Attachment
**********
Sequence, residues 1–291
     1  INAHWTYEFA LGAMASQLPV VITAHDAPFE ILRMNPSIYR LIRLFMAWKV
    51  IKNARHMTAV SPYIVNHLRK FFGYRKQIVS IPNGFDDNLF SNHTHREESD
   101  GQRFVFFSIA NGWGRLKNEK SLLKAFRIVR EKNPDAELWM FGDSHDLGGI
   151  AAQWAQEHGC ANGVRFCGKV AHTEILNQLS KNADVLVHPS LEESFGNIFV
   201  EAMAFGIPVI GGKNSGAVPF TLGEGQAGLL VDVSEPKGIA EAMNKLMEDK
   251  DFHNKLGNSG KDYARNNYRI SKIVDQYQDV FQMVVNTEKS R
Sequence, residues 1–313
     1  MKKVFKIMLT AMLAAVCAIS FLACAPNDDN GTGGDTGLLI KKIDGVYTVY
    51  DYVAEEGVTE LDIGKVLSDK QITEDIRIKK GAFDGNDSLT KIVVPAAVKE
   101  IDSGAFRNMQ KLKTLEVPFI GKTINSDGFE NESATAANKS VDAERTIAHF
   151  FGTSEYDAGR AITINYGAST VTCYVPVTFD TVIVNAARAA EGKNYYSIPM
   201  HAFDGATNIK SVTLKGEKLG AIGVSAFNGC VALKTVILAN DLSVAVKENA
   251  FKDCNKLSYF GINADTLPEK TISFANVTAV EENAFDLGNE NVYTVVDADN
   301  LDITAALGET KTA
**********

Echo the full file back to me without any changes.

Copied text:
Sequence, residues 1–291
     1  INAHWTYEFA LGAMASQLPV VITAHDAPFE ILRMNPSIYR LIRLFMAWKV
    51  IKNARHMTAV SPYIVNHLRK FFGYRKQIVS IPNGFDDNLF SNHTHREESD
   101  GQRFVFFSIA NGWGRLKNEK SLLKAFRIVR EKNPDAELWM FGDSHDLGGI
   151  AAQWAQEHGC ANGVRFCGKV AHTEILNQLS KNADVLVHPS LEESFGNIFV
   201  EAMAFGIPVI GGKNSGAVPF TLGEGQAGLL VDVSEPKGIA EAMNKLMEDK
   251  DFHNKLGNSG KDYARNNYRI SKIVDQYQDV FQMVVNTEKS R
Sequence, residues 1–313
     1  MKKVFKIMLT AMLAAVCAIS FLACAPNDDN GTGGDTGLLI KKIDGVYTVY
    51  DYVAEEGVTE LDIGKVLSDK QITEDIRIKK GAFDGNDSLT KIVVPAAVKE
   101  IDSGAFRNMQ KLKTLEVPFI GKTINSDGFE NESATAANKS VDAERTIAHF
   151  FGTSEYDAGR AITINYGAST VTCYVPVTFD TVIVNAARAA EGKNYYSIPM
   201  HAFDGATNIK SVTLKGEKLG AIGVSAFNGC VALKTVILAN DLSVAVKENA
   251  FKDCNKLSYF GINADTLPEK TISFANVTAV EENAFDLGNE NVYTVVDADN
   301  LDITAALGET KTA